The Future of Food in 2023

The state of Agriculture is at a tipping point – in the face of increasing impact from climate change, we are starting to see more innovation that cuts across the supply chain as agriculture gains a brighter spotlight. Here are the key trends for the agriculture industry in the new year:

1. Sustainability remains on top of mind.

Sustainability continues to be a number one priority. More than just a buzzword of the moment, we have seen much action, research, and discussion on how to transform the global food system into one that is more sustainable. Thus far, a lot of attention has been focused on how to make the growing and farming of food more efficient – in terms of resource usage, yield output, nutritional value, and quality.

Renewed interest in regenerative farming, soil restoration and holistic food systems evaluation processes point at a growing ecological mindset adopted by the Agri industry. An offshoot on sustainable agriculture also includes breeding programmes for climate-resilient plant cultivars from food research institutions such as Plant & Food Research and VentureFruit.

Indoor Farming

The burgeoning USD$4.6 billion global vertical farming, a form of controlled environment agriculture, is considered highly efficient and sustainable method of food production. For instance, not only does it use around 250 times less water than a traditional farm, but it is also climate resilient due to its lack of reliance on natural weather.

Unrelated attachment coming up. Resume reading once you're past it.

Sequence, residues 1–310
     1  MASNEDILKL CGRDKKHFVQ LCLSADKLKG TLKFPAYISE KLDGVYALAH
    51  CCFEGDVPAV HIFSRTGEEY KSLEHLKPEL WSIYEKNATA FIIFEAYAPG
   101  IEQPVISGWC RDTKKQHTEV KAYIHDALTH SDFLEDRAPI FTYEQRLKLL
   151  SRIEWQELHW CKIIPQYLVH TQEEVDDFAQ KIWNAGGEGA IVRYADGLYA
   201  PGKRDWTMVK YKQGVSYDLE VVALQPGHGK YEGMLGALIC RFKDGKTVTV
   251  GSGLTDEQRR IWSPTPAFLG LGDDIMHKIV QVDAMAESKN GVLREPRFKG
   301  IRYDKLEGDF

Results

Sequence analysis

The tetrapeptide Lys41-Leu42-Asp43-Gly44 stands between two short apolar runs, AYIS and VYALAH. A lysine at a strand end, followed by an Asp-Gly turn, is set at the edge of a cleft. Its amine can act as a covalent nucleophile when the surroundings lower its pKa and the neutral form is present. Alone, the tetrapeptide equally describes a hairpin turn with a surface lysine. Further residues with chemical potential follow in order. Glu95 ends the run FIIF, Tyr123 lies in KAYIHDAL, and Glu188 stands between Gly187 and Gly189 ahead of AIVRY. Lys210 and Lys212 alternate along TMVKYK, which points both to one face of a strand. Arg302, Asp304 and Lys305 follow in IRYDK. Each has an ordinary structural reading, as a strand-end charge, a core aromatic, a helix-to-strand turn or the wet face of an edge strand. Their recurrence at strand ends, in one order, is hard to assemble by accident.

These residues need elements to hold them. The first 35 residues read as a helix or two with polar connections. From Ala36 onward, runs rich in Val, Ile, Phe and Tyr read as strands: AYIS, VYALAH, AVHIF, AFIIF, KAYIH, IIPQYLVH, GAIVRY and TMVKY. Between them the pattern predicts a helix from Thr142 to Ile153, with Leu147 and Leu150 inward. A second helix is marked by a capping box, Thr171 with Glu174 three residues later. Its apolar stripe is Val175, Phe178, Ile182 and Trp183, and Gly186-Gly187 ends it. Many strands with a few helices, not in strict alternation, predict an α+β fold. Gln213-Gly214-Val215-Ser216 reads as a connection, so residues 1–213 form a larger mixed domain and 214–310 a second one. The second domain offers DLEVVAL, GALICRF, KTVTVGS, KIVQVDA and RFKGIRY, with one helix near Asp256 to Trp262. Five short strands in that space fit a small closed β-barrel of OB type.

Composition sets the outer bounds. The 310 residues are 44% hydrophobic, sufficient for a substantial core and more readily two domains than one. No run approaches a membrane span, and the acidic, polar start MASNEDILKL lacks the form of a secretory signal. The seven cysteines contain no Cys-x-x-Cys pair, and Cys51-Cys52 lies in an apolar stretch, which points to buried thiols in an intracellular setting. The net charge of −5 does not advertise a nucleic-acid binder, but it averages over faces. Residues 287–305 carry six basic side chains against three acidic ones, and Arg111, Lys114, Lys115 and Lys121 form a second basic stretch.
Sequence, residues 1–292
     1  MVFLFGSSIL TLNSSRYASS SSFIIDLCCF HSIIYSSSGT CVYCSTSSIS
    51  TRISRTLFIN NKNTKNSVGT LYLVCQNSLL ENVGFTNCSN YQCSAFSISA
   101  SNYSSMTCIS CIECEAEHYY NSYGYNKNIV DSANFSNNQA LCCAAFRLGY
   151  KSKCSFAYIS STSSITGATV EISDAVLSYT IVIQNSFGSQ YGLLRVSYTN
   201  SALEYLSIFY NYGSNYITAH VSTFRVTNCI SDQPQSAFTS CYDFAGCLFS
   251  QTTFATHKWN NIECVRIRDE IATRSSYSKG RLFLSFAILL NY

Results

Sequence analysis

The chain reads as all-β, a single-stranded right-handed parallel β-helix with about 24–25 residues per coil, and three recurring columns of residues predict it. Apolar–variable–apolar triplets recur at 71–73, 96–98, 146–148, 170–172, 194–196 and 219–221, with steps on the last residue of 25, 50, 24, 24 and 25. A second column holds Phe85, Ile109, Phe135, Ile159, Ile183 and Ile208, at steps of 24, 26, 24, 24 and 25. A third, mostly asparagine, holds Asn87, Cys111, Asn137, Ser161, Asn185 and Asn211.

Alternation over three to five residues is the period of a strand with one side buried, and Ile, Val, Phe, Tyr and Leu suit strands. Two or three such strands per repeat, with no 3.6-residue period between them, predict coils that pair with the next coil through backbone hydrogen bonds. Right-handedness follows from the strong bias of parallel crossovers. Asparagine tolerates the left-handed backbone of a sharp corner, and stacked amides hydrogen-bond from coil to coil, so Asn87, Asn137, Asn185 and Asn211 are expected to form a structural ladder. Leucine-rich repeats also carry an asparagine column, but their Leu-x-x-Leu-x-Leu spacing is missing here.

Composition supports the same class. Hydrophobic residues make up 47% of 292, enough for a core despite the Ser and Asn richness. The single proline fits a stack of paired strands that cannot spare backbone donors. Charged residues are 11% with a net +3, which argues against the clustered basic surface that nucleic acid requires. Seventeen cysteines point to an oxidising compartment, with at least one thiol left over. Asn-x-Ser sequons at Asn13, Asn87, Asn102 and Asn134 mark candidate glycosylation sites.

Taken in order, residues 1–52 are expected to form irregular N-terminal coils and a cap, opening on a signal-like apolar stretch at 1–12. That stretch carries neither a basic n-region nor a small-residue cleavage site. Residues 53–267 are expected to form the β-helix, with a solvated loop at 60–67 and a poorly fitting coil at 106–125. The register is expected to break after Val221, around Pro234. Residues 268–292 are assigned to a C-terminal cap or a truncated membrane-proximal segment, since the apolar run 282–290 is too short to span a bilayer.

2. Climate finance and green finance need to include food systems transformation.

Food systems are responsible for one-third of global greenhouse gas emissions, yet only 3% of public finance is directed to food systems. Climate finance has been growing in recent years, with annual climate finance flows in 2019/20 seeing a 15% increase from the previous year and reaching an average of USD$653 Billion. Continuous support of fossil fuels that almost doubled in 2021, and a lack of the necessary speed and scale from private finance to fuel the transition to sustainable agriculture are also notable barriers in financing a sustainable food future. Thus, there remains huge untapped opportunities in the intersection between climate finance and agriculture.

3. Price and cost sensitivity remain in a challenging operating environment.

Despite a general increase in prices of agricultural products, the costs of inputs and supply chain requirements have risen to match as well. News of soaring freight costs have become a constant in this last year, and it affects the entire world – More than 80% of the world’s traded products are carried by sea. The produce industry has also been hit hard with unprecedented high freight costs, posing a challenge to an industry that typically depends on high volumes rather than high margins. It is likely that the general trade environment will remain challenging in the next few months, as the effects from the ongoing Ukraine war and the sudden opening up of China will be felt.

4. Data-driven Agriculture and Supply Chain is the next frontier of agriculture.

Data and connectivity of data will be crucial in minimizing the high levels of unpredictability in global food supply chains and help to create a more efficient food system overall.

Beyond smart farming, having visibility of their own internal operations as well as across their supply chain can enable growers, exporters, importers, wholesalers, and retailers to reduce food waste, create a more efficient demand-supply model, track sustainability goals. It is estimated that by 2030, enhanced connectivity could add more than USD$500 billion to global GDP and a critical productivity improvement of 7-9% for the industry.

Data connectivity

It is imperative to start rethinking the way the world produces and consumes our food. Food sustainability and climate finance need to solve problems of the global food system in a more holistic way, and a critical building block that cannot be ignored is data visibility.